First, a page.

Academic art and new directions

The Academy and beyond

Studying in Paris at the Académie des Beaux-Arts was an essential part of many artists’ training, and the French model was replicated in many European countries. Founded in 1648 to educate the most gifted students (women were first admitted in 1897) in drawing, sculpture, painting and other media, Academy teachings were grounded in the classical art of Greek and Roman antiquity. Students typically worked from sculptural plaster casts or nude models.

Inspired by the example of France, Denmark established its own school of painting in 1822. Hitherto, the Royal Danish Academy of Art had only offered courses in drawing. From 1833 onwards, its students were also given the opportunity to paint and draw studies of female models.

As a student, Danish artist Christoffer Wilhelm Eckersberg (1783-1853) travelled widely in  Germany, Italy and France, where he studied in 1811-12 under neoclassicist Jacques-Louis David, who had a major influence on early 19th century academic painting. Sometimes referred to as the “Father of Danish painting”, Eckersberg influenced many Danish artists during his professorship at the Royal Danish Academy of Art, where he was Director from 1827-29. Notably, Eckersberg encouraged his pupils to study nature directly in the field, rather than indoors, and to observe everyday life.

Eckersberg posed the models that his students drew and painted, often working alongside his pupils. He often transferred these figure studies to domestic settings, to create intimate depictions of everyday subjects. In the painting above, the female model is Florentine, Eckersberg’s favourite model at the time, who can be recognised in several of his nude studies.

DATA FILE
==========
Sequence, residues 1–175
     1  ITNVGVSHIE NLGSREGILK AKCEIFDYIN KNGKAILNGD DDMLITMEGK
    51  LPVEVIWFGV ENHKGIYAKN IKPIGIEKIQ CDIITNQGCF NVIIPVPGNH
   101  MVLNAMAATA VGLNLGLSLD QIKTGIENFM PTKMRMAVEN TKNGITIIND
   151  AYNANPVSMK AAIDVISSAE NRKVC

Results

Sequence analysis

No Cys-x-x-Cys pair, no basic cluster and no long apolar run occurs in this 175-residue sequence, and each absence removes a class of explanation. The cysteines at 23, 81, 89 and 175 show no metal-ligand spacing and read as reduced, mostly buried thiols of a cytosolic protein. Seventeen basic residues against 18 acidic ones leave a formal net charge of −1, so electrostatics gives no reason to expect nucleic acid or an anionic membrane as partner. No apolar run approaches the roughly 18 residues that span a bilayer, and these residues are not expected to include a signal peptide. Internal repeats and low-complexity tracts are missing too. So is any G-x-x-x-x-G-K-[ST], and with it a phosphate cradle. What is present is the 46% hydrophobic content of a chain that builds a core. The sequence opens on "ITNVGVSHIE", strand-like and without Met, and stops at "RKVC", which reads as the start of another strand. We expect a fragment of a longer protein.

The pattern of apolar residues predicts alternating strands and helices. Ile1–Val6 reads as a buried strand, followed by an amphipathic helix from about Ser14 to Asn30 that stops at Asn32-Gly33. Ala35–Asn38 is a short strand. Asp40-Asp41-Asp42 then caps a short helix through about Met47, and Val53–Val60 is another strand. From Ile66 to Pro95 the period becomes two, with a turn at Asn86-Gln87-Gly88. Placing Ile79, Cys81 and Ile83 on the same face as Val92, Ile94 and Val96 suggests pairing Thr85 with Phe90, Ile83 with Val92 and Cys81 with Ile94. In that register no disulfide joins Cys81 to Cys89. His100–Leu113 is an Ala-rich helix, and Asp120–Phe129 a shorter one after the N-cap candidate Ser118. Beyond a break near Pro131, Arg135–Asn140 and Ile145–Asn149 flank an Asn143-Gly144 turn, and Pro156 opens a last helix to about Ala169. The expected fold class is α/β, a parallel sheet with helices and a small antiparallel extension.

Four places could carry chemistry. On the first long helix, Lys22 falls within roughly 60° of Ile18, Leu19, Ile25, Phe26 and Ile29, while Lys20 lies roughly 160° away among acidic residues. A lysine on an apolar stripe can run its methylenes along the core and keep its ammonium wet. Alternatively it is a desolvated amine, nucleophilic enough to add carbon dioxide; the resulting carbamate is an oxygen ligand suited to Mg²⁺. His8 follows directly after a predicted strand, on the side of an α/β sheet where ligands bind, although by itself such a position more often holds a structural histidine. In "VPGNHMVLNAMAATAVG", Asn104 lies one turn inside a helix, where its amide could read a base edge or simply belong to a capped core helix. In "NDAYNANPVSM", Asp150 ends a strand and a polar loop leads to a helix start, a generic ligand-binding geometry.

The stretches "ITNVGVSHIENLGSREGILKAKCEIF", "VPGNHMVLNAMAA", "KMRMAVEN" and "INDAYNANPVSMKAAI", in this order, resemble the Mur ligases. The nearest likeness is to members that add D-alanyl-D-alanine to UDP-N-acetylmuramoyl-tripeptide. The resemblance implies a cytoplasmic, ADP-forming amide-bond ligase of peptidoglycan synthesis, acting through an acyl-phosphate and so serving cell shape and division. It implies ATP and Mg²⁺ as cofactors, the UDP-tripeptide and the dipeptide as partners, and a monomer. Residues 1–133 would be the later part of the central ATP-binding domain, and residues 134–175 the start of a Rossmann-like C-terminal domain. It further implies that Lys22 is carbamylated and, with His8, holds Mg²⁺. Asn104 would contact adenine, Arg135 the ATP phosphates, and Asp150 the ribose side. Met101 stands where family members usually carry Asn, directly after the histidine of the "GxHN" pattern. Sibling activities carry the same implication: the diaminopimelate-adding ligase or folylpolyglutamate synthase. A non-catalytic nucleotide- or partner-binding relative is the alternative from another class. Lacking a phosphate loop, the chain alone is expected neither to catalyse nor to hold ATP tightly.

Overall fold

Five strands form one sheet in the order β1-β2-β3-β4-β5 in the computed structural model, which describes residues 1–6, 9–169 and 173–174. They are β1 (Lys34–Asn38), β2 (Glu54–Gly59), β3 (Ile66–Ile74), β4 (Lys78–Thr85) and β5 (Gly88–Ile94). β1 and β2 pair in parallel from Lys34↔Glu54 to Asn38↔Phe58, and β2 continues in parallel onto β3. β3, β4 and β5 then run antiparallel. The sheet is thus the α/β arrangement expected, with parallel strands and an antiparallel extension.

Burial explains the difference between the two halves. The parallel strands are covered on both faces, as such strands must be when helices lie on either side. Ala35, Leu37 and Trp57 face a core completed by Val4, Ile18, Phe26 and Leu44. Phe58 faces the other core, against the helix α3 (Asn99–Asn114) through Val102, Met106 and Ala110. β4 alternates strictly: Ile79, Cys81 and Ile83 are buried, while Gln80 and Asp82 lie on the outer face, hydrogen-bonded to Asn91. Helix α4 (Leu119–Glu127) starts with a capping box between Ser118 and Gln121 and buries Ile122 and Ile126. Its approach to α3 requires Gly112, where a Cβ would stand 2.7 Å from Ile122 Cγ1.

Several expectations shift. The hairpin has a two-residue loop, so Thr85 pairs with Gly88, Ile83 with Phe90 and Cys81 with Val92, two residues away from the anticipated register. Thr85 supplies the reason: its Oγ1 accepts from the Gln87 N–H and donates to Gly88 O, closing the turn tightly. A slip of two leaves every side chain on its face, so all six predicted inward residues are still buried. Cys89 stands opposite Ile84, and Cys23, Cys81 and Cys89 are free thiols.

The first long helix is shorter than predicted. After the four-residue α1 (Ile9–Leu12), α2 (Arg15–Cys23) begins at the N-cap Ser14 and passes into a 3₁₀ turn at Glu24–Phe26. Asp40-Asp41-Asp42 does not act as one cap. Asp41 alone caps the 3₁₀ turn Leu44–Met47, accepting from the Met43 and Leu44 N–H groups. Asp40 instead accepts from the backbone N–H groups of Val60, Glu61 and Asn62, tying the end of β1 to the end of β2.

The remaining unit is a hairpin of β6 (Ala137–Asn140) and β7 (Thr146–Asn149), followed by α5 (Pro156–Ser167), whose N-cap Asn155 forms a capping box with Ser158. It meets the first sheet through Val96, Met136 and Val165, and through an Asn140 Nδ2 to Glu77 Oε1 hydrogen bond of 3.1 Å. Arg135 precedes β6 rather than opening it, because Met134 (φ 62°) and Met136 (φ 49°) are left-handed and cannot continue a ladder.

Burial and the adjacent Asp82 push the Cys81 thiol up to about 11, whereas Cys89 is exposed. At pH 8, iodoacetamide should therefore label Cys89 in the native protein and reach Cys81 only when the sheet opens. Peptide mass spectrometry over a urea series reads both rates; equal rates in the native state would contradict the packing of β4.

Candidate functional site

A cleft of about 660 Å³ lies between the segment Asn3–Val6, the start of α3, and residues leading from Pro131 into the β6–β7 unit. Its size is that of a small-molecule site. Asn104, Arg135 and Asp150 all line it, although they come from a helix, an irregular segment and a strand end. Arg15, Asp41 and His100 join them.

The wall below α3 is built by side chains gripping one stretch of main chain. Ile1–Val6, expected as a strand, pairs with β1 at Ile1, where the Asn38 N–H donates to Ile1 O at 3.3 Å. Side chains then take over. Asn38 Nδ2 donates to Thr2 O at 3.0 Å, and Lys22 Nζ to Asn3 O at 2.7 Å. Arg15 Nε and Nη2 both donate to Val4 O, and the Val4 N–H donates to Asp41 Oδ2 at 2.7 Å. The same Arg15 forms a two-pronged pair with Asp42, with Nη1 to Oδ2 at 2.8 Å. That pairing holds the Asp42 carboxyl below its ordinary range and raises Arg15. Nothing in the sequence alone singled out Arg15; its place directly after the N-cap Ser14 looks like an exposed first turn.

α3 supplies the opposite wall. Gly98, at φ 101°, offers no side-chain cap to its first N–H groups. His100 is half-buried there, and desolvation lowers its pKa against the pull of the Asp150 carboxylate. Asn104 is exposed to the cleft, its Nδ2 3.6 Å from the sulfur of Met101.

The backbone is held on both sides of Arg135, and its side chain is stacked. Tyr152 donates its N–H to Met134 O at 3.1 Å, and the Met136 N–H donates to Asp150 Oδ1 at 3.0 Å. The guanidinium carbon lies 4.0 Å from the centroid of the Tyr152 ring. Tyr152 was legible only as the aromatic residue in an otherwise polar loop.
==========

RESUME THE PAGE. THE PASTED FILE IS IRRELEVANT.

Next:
Like Eckersberg, Belgian artist François-Joseph Navez (1787-1869) was also taught by Jacques-Louis David. As well as being a successful portrait artist, Navez painted historical, mythological and religious subjects, such as Saint Cécile of Rome, 1824.

Navez later became the director of the Académie Royale des Beaux-Arts in Brussels, serving from 1835-1862. Click here to explore more of Navez’s art on Europeana.

Greek artist Theodoros Vryzakis (1814-78) grew up during a turbulent period of his nation’s history. Following the death of his father, and several years spent in an orphanage with his brother, Vryzakis went to Munich in 1832 to study at the Panhellenion, a Greek school founded by Ludwig I for the orphans of the veterans of the Greek War of Independence. Twelve years later, he was accepted as a student by the Munich Academy of Fine Arts.

Influenced by contemporary Bavarian painters such as Karl Krazeisen, Joseph Karl Steiler and Peter von Hess, Vryzakis employed a neoclassical, romantic style to depict people and events from recent Greek history, in paintings such as The Reception of Lord Byron at Missolonghi, 1861. Vryzakis’s work was widely circulated in Greece in the form of lithographs. His pictures became established in the public’s mind as authentic depictions of modern Greek history. Visit the website of the National Gallery - Alexandros Soutsos Museum to further explore the art of Theodoros Vryzakis.